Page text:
Huxley's utopia and final novel, set in the fictional Buddhist Island of Pala. Pala offers psychedelic
drugs ("moksha medicine") and tantric sex; but otherwise isn't much fun.
The Influences of Eastern Philosophies
in Aldous Huxley's Island
by Velma Lush
In his last major work, the Island, the evils that Aldous Huxley has been warning us about in his earlier works - over-population, coercive politics, militarism, mechanization, the destruction of the environment and the worship of science will find their opposites in the gentle and doomed Utopia of Pala. (Woodcock,18) Aldous Huxley used his books to explore his struggles against personal tragedy and to search for the meaning of human existence. His interest in eastern philosophies and mysticism began in the early twenties with the study of Blake and Bohme. His fascination with eastern religion was one of the reasons he departed on a world tour in 1925. The island of Pala is probably one of the islands of the Indonesian Archipelago. In Island, Huxley's portrayal of the Palanese beliefs demonstrate principles of Buddhism, Taoism, Hinduism and Confucianism. The beliefs, values and struggles of a lifetime are combined to form this culmination of his life's work.
The Palanese culture, as described in the book, started with the mingling of western science and oriental philosophy, in the characters of Raja of the Reform and the Scottish physician, Dr. Andrew MacPhail. The Raja had hired Dr. MacPhail to remove a tumour from his face during the early nineteenth century. The Raja and Dr. MacPhail and their descendants worked together "to make the best of all the worlds-the worlds already realized within the various cultures, and beyond them, and the worlds of still unrealized potentialities." (130) Will Farnaby, a journalist whose boss also owns Southeast Asia Petroleum, finds himself shipwrecked on this island. Under two motivations, Farnaby asks and is given permission to stay for a month. Farnaby, or Huxley, is genuinely interested in learning the culture, not only for literary reasons, but to find out more about himself. His second motive is to negotiate a lease between Southeast Asia Petroleum and the Palanese government, for which he will earn a large sum of money. At several points throughout the novel Farnaby feels guilty about betraying his guests. Farnaby comforts himself with the thought that if he didn't do it, somebody else would. The forces of history are working. (84) As in the Hindu philosophy outlined in the Bhagavad Gita when Krishna explains to Arjuna that he is an instrument of the action, it is his fate or destiny to fight; the same holds true for Farnaby, his destiny has brought him to Pala for a reason.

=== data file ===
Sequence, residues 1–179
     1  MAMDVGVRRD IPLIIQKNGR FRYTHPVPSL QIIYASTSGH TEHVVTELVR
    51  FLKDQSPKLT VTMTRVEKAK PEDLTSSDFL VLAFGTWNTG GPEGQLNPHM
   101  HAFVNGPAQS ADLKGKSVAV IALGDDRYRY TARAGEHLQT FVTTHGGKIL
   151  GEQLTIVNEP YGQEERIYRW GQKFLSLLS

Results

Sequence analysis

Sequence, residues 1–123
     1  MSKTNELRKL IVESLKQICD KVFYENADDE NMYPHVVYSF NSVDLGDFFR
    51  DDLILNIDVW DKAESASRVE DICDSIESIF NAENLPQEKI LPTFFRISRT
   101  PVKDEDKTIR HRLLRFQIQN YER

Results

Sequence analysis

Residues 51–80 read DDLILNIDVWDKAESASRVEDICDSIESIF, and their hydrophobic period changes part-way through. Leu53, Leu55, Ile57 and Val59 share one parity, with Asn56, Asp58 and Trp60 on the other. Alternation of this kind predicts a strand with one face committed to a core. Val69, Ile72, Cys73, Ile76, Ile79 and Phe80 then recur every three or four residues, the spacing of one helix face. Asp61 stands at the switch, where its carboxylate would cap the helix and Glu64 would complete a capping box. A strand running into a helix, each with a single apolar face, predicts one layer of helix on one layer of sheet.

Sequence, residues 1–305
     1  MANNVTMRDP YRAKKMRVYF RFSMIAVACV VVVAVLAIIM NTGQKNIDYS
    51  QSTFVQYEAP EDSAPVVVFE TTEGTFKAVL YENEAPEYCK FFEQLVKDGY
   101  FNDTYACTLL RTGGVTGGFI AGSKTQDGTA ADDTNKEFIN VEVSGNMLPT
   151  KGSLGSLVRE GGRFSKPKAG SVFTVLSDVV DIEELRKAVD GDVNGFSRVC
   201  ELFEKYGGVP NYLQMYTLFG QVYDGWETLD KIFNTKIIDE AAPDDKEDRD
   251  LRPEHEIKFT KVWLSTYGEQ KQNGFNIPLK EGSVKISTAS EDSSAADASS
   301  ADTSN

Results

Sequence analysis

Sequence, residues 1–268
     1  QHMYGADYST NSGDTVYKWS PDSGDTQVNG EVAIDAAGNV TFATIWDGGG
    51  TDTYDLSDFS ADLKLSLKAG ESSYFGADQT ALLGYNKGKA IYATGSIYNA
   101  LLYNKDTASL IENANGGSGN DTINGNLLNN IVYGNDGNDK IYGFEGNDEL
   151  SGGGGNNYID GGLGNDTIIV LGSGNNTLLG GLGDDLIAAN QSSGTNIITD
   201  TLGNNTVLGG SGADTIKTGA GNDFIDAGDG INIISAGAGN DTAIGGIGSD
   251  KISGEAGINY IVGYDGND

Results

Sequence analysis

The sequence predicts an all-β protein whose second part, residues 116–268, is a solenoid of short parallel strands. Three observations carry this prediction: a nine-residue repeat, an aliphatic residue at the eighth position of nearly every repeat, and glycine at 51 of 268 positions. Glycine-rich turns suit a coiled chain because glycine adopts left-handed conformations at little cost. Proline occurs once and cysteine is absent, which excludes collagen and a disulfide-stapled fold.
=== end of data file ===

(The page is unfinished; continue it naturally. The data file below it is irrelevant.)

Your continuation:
Dr. Robert MacPhail, the grandson of the Dr. Andrew, suggests "to have a better understanding of what was actually done to develop the Palanese culture, you start by knowing what had to be done, what always and everywhere has to be done by anyone who has a clear idea of what's what." (34) And so Farnaby begins his learning about Pala by reading the underlying principles of its existence, the Notes on What's What. The Palanese are described as Mahayanists Buddhists "shot through and through with Tantra." (74) The first principle "Nobody needs to go anywhere else. We are all, if we only knew it, already there" (35) shows an element of Taoist philosophy. The fictional version of Tantra can be interpreted as Taoism; since being a Tantrik means you don't denounce the world and try to escape into Nirvana - you accept the world and everything about it. The Mahayanists Buddha philosophy of the Palanese aims at the passage beyond suffering into the Clear Light of the Void of all living beings (Nirvana); while living according to the Tao, appreciating and working with whatever happens during a person's life on earth.